Editorial: The Need For Infrastructure, Education And Safer Cycling

One of this week’s more unfortunate mainstream news articles was a story on declining cycling participation rates. This is a marked turnaround from the surge in cycling just a couple of short years ago during the height of the Covid crisis.

There are many possible reasons for this decline, one being less commuting due to more people working from home. The other main reason? You guessed it, safety and the risks we face each and every time we head out onto the road.

Every cycling enthusiast harbours a deep desire for safer roads, more considerate and aware drivers, and better infrastructure that truly suits our needs. 

Across Australia, cycling has become more than a mode of transport; it’s a way of life. As the passion for pedalling grows, it’s imperative for our governments to recognise the vital role they play in nurturing this culture, ensuring not just convenience, but safety for all.

The truth is, investing in cycling infrastructure is not merely an expenditure; it’s an investment in a healthier, more sustainable future. It’s an acknowledgment of cycling as a solution to urban congestion, environmental concerns, and personal well-being. 

Comprehensive bike lanes, secure parking facilities, and well-maintained paths not only encourage more people to ride but also promote a sense of community and interconnectedness among riders. An example? In a couple of weeks some of the Bicycling Australia writers are getting together for a day on the bike in Sydney. The first step of our planning – ‘Where can we go for a safe day out?’ The conclusion, the 80km out & back M7 bikeway. Yep, it’s as boring as bat poo but is car-free.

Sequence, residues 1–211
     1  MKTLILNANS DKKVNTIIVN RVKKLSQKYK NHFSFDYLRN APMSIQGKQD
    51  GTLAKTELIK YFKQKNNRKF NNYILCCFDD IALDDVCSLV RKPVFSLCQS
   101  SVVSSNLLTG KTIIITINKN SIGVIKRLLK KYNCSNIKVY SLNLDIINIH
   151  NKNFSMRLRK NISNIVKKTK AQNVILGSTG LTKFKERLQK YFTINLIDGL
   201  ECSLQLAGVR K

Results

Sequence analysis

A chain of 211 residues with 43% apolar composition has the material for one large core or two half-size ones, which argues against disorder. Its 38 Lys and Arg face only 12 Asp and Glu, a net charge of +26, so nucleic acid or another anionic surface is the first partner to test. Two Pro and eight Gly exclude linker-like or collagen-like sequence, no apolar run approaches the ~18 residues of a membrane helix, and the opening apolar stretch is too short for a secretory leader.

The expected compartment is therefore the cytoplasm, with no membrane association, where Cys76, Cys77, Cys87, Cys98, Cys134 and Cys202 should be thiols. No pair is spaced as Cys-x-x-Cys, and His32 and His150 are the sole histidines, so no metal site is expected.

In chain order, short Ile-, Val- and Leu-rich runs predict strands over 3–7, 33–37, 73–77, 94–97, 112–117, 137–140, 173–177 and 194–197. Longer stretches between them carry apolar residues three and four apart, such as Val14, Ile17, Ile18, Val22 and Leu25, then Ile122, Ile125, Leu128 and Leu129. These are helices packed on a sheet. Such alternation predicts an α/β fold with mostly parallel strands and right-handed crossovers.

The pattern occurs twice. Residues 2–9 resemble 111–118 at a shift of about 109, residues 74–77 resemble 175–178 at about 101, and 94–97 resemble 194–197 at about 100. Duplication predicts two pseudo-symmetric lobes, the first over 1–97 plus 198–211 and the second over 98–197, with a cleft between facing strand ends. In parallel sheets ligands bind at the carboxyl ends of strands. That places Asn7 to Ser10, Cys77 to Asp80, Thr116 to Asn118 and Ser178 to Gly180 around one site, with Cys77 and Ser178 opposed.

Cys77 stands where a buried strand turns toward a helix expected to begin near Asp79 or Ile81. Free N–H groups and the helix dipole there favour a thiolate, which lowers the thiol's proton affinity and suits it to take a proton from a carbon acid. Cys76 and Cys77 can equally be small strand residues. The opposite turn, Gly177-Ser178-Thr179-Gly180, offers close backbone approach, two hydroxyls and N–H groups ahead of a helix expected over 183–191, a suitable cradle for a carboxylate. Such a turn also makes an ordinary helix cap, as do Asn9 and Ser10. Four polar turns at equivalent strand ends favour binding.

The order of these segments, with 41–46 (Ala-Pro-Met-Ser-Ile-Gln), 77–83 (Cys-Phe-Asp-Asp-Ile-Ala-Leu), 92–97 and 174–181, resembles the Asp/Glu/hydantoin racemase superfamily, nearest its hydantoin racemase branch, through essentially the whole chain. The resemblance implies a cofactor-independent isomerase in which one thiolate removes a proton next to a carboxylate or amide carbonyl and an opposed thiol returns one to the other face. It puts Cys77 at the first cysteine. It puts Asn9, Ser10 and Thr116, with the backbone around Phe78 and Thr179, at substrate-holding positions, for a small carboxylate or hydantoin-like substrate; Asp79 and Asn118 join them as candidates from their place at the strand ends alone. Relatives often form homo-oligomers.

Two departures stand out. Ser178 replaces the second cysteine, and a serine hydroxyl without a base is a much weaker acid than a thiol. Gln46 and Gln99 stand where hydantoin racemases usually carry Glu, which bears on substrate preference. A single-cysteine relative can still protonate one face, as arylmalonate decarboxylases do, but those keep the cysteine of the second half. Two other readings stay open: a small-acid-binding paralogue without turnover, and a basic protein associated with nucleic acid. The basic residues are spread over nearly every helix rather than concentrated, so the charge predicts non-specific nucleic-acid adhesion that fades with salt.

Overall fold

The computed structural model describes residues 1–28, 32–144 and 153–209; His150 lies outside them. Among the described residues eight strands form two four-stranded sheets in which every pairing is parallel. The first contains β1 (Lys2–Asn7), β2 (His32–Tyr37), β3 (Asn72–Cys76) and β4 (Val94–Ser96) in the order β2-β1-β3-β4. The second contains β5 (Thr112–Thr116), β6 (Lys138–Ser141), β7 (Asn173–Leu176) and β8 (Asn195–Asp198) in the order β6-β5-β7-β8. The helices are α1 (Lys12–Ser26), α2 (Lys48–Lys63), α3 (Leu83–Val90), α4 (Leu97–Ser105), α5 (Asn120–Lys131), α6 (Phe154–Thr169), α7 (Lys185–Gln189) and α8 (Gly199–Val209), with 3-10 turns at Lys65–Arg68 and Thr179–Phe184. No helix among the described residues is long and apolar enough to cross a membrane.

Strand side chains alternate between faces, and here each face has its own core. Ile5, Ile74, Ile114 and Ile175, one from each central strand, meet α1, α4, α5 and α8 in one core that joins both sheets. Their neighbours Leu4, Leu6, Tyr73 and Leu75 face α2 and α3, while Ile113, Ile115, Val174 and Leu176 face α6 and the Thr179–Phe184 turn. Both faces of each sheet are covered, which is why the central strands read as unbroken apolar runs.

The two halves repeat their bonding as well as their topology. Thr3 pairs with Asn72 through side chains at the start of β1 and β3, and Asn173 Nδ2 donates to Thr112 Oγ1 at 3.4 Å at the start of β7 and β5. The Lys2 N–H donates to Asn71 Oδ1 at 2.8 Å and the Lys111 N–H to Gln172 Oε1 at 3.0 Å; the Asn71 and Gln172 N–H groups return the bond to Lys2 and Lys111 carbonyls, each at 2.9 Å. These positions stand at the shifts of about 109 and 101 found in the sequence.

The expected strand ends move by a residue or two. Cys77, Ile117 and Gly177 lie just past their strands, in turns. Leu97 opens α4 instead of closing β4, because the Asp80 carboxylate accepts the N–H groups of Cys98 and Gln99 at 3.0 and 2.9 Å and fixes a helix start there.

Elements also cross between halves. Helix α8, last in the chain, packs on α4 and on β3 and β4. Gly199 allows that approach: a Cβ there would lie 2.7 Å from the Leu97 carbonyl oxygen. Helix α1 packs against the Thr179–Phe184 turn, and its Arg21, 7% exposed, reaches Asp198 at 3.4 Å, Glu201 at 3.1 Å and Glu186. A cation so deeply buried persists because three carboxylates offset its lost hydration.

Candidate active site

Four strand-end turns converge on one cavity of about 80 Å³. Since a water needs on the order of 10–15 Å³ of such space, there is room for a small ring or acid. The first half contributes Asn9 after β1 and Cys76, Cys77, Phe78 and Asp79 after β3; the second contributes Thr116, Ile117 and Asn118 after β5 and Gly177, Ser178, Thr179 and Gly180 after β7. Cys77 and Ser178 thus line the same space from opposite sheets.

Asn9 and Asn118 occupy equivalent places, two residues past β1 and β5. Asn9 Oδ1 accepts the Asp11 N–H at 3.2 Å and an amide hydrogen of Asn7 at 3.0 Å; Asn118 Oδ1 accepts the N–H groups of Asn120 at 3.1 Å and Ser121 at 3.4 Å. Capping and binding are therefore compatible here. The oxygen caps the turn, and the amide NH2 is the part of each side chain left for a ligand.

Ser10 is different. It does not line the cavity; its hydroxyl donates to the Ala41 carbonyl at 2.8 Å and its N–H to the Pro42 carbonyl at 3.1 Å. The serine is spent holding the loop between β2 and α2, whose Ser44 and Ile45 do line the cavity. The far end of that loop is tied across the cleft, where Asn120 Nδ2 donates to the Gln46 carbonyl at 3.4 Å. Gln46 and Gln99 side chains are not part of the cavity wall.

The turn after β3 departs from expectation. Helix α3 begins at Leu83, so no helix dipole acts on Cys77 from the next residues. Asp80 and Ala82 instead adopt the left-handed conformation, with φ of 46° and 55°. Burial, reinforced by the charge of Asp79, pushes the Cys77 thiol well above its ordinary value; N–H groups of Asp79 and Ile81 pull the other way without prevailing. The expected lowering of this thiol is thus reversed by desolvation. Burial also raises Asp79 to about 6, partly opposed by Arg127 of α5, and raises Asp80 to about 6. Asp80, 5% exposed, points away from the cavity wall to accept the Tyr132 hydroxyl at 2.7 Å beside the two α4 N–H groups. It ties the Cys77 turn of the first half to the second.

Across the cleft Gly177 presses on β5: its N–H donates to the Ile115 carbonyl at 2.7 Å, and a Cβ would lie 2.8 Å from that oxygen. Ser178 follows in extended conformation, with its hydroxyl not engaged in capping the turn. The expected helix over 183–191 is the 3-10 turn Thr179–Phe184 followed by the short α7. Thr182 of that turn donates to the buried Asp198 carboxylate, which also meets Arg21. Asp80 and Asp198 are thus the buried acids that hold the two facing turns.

Safety, too, must be at the forefront of governmental agendas. Stricter laws protecting cyclists, stringent penalties for close passes and other misconduct, and educational campaigns fostering mutual respect between motorists and cyclists are essential. 

Integrating cycling safety education into school curriculums will nurture a generation of responsible riders and drivers, fostering a culture of safety from the ground up.

Look around the world, and you’ll find shining examples of cities where cycling infrastructure is not just a priority but a hallmark of progress. These cities boast healthier populations, reduced traffic congestion and, over time, less pollution.

Australia can and should be one of these success stories, leading the way in making cycling a safe, accessible, and enjoyable experience for all. Sydney to Canberra is a prime example – imagine how popular a ‘Capital Bikeway’ would be! Build it and they will come.

As riders, let’s advocate for these changes. Let’s engage with local authorities, join advocacy groups, and make our voices heard. Together, we can inspire a shift in policy, making our roads safer and our cycling experiences richer.

Happy & safe cycling out there this weekend. 

Nat Bromhead, Editor


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